mother, maker, farmer, baker

meet kate ulman and her family

I haven’t been to the toilet alone in almost 15 years, so I would say that parenthood has changed me. Life before kids (BK?!) meant sleep-ins, going out for breakfast, ordering what I wanted, eating the whole thing on my own, reading the paper uninterrupted and creating the day away.

There’s really no such thing as ‘normal day’ in my life after kids (AK), but there’s loads of hair braiding, farming, baking and making. What we do and how we do it changes with the seasons.

Kate's daughters Jarrah, Indigo, and Pepper

I honestly don’t think I had any idea what to expect of motherhood; everything that came with the territory has been unexpected. What has surprised me the most is that babies grow up. When we decided to have a baby, it never, ever occurred to me that one day I would be parenting a 14 year old.

kate ulman's apple stand at daylesford

kate ulman's apple tote bag

What I wish I’d known before I was pregnant was that you can make the most beautiful, creative birth plan, but babies have plans of their own.

an apron full of freshly picked tomatoes

The best parenting advice I’ve been given is to follow the advice they give you on airplanes: put my own oxygen mask on before helping the girls with theirs.

I’m happiest, most fulfilled and most Kate Ulman when I am creating. The best creative advice I’ve been given is that even if you’re not feeling creative, sometimes you have to just start the process and make crap to get yourself in the zone, and hopefully creativity will follow.

kate ulman's raised veggie gardens

On becoming a farmer…
In 2001 we spent months driving around Victoria looking for properties to buy and move into, when we found ourselves walking through an organic apple orchard just out of Daylesford. I picked an apple and passed a bit of it to six-month-old Indi who was on my back, and when we saw her delighted reaction, we knew we had found our home and our farm.

Daylesford Organics is a small certified organic and very biodiverse family farm in the hills outside Melbourne. We grow veggies, keep chooks for eggs, manage the forest that makes up half of our land and have thousands of fruit and nut trees, including almost one thousand apple trees.

When times are tough, what keeps me going is my intense love affair with Mother Nature and an unwavering belief in living a sustainable and dirty existence – and a partner who shares my dreams.

The best farming advice I’ve been given is to be patient. Don’t rush things. Stand back and watch how things change over seasons, and then make your plans.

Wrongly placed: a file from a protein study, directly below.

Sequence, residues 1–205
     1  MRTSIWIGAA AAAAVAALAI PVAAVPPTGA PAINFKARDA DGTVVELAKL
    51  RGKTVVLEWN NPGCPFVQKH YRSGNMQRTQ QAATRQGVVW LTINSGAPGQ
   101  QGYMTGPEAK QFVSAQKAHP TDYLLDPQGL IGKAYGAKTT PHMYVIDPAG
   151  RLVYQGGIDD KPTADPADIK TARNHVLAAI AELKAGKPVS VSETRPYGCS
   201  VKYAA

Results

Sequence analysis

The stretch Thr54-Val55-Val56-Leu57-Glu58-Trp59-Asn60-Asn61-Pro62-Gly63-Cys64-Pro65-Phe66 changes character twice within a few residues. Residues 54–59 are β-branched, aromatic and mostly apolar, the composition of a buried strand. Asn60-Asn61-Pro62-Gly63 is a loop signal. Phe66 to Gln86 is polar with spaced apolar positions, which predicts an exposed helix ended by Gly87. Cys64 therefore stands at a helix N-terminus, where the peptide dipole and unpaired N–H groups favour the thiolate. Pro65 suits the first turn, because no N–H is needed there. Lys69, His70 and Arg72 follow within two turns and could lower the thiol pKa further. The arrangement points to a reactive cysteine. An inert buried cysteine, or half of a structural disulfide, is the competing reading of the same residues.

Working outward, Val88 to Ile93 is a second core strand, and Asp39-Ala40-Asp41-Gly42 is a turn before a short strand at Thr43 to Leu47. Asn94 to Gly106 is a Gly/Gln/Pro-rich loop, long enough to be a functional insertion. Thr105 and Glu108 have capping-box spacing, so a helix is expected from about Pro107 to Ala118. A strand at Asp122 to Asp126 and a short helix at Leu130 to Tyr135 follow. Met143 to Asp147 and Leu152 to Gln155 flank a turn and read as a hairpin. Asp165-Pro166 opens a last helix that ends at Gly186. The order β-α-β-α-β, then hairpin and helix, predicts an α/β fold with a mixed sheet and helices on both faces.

indigo, 14, jarrah, 11, pepper, 7 and kate's partner brenMy farmer boy, Bren (far right with daughters Indigo, 14, Jarrah, 11, and Pepper, 7), is who helps me parent well.

Farming organically is about being kind to the planet rather than just about growing food. It’s healthier farming, it’s safer farming and it’s yummier farming.

the kids get involved with harvesting and farmingMostly children love working alongside their parents, and being surrounded by delicious produce doesn’t hurt either. Farming is fun.

I feel like there are so many opportunities in motherhood for creativity: from dressing our kids, to styling their hair, arranging our houses, planting and growing our gardens, singing lullabies, making up bedtime stories, making cool lunchboxes and planning birthday parties, all the way through to painting, knitting, blogging and scrapbooking. I guess seeing our everyday world as a creative opportunity is what makes life the most fun.

On having enough time…
Honestly, I just grab moments whenever I can. I never sit down without my knitting, I prioritise craft over housework and I take photos of what we are doing all the time. I wish I could carve even more creative time out, but then my kids would probably never eat.

kate's younger daughters at their home and farm in daylesford, victoria

How did I come to be a baker, knitter, crafter and author? I’m not sure how to answer that question, because all of those things are just who I am. It’s like asking me how I came to have blue eyes.

What does it mean to you to be an Australian creative, who is also a mother?
Our house is nestled deep in a forest of eucalyptus and backs onto the Wombat State Forest. Where we live can’t help but influence my creativity and my work.

43-year-old Kate Ulman is a baker, knitter, crafter and author. She lives and works on the Daylesford Organics farm in Victoria with her farmer boy, Bren, and their three children, Indigo, 14, Jarrah, 11, and Pepper, 7. Visit her blog Foxs Lane, follow her on Instagram , Twitter, and Pinterest.

Interview: Bron Bates / Photographs: Foxs Lane